Are You Acting Like A Business Owner Or A CEO
I’ve seen it hundreds of times, you’ve probably seen it too – or maybe you have even experienced it. Someone decides to follow their passion and realize their dream of becoming a business owner. The business makes it through those first couple of years and things are going really well. Revenues are growing nicely and the business is making a profit. Staff have been added along the way and suddenly there is a team of 10 or 20+ people. That’s when the dream turns into a nightmare.
The business owner is working 80 hours or more a week. Quality starts to suffer, deadlines are missed and customers start to complain. The passion is gone and all the business owner can see is problems: problems with staff, problems with customers, problems with vendors… and the list goes on. They feel like they are facing the daunting task of plugging 1,000s of leaks in the dam with just their fingers – and they only have 10 fingers. What is often referred to as “entrepreneurial burnout” sets in.
The business owner is at a crossroads and one of two things is likely to happen: they will either get out – sell the business if they are lucky or more likely just walk away; or they will transition to a CEO.
Transitioning to a CEO is a process and it starts with delegation. It is a failure to effectively delegate (and delegating is not dumping) that is the cause of entrepreneurial burnout. Start the delegation process early in your business when you just have an employee or two (or if it is already too late for that start now). According to the stages of growth outlined by the Growth Curve Institute if you have not learned to successfully delegate tasks, responsibility and decision making by the time you have reached 20 to 34 employees you are at extreme risk of entrepreneurial burnout. You can download an e-book outlining all seven stages of growth here.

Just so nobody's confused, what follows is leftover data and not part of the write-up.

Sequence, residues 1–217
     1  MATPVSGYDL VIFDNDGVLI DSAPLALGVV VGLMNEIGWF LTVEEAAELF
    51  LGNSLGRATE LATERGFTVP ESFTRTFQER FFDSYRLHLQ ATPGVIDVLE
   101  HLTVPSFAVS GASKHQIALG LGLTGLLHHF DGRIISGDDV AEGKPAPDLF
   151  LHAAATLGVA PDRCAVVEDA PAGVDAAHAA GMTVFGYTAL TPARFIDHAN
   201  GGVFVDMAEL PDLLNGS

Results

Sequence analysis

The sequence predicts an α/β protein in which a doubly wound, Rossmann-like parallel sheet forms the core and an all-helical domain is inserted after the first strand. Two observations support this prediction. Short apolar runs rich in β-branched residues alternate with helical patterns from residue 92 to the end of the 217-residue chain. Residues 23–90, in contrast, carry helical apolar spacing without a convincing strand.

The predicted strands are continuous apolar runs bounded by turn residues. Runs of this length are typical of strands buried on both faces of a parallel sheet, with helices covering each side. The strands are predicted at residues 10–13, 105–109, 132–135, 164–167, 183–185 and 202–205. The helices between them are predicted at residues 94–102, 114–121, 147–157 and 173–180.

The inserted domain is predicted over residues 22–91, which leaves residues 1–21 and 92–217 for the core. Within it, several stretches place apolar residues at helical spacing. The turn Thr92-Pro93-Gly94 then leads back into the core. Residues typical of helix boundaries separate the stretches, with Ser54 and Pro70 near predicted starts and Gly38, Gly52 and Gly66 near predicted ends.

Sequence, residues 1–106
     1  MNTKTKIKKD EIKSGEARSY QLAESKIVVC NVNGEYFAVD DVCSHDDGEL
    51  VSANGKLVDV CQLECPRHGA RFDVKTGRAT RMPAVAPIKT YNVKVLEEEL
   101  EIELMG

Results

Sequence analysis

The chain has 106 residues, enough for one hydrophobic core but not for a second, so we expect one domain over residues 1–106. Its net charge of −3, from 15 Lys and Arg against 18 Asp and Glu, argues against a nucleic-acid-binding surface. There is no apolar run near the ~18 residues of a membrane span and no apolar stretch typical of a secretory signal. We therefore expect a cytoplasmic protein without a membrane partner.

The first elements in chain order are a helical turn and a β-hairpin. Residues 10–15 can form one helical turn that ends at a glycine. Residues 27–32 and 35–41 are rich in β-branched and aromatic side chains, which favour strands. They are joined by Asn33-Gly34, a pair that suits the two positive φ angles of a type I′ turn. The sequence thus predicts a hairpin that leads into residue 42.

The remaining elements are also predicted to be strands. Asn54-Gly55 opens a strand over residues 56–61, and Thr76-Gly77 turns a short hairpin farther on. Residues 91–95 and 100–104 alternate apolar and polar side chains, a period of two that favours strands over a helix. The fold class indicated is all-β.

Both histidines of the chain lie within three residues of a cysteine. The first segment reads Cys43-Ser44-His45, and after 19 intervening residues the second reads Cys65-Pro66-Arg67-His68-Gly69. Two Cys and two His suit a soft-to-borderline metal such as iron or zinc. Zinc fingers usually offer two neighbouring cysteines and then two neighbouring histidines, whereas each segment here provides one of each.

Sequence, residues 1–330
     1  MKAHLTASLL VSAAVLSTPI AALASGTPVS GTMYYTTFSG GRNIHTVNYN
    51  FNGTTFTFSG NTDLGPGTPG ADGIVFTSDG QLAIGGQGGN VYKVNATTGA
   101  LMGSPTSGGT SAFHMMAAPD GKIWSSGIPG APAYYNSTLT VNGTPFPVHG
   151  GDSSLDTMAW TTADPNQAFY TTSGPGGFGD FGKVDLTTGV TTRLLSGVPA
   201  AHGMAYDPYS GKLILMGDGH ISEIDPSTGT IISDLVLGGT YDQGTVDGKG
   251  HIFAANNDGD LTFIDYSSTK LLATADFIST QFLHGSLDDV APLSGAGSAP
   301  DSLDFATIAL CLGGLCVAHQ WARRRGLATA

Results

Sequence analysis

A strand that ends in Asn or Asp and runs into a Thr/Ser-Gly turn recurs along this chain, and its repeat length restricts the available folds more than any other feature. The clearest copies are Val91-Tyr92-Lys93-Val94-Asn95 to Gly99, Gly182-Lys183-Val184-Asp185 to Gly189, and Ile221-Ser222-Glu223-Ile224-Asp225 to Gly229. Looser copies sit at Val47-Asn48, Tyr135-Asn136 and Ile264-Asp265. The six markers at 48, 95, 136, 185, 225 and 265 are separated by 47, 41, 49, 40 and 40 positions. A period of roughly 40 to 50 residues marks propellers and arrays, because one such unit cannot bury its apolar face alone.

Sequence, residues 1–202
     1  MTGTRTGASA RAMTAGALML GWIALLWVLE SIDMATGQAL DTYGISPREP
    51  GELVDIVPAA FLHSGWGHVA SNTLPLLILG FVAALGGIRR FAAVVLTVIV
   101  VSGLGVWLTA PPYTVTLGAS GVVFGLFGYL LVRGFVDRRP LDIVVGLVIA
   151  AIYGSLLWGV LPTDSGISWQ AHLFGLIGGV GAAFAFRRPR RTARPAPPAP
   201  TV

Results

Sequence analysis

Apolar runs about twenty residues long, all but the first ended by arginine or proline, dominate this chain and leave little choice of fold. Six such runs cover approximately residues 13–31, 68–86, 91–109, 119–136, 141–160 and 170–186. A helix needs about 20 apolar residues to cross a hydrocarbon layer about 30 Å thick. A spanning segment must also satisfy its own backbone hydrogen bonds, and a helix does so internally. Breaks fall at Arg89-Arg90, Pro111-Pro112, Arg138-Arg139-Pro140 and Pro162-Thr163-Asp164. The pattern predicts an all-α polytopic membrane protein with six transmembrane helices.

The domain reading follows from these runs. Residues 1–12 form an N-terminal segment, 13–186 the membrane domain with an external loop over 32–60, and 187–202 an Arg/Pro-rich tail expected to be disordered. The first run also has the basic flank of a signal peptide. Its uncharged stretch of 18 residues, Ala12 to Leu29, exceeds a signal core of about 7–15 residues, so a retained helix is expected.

Refuse to fall into the trap of making all the decisions and solving all the problems. When a staff member comes to you for a decision or to solve a problem, “bounce it back” to them and ask them what they think should be done – how they would handle the situation if they were in your shoes. I find it helpful to keep the metaphor of a beach ball in mind. When you delegate make sure the person you are delegating to has the knowledge, skills and resources to be successful. If they don’t and they are not successful it is your failure – not theirs.
The next step in transitioning to a CEO is to differentiate roles and responsibilities; begin to put supervisors and managers in place; and develop clearly defined departments with identified department heads. According to the Stages of Growth outlined by the Growth Curve Institute this needs to happen when the level of complexity reaches 35-57 employees.
Once departments and department heads are in place at a point of approximately 160 employees according to the Growth Curve Institute you must develop a fully functioning leadership team and your role becomes one of setting a strategic vision for the business, defining the culture, distributing authority and maintaining accountability.
Don’t let your dream turn into a nightmare, start a regular practice of delegating now. If you are already experiencing the nightmare, it’s time to wake-up and begin the journey back to your dream.
Are you tired of doing too much that your team could or should be doing?
Are you adding more and more people but achieving less and less in results?
Are you ready to stop being managed by your business and start leading it to even greater success?
Explore how our coaching, facilitative consulting and training services might be able to help. Email Julie at email@example.com; call her at 972-701-9311; or connect with Julie at www.Linkedin.com/in/JulieChance.
Want more tips and resources to help you dissolve barriers to business success by unlocking the potential of your people and harnessing the power of teamwork?
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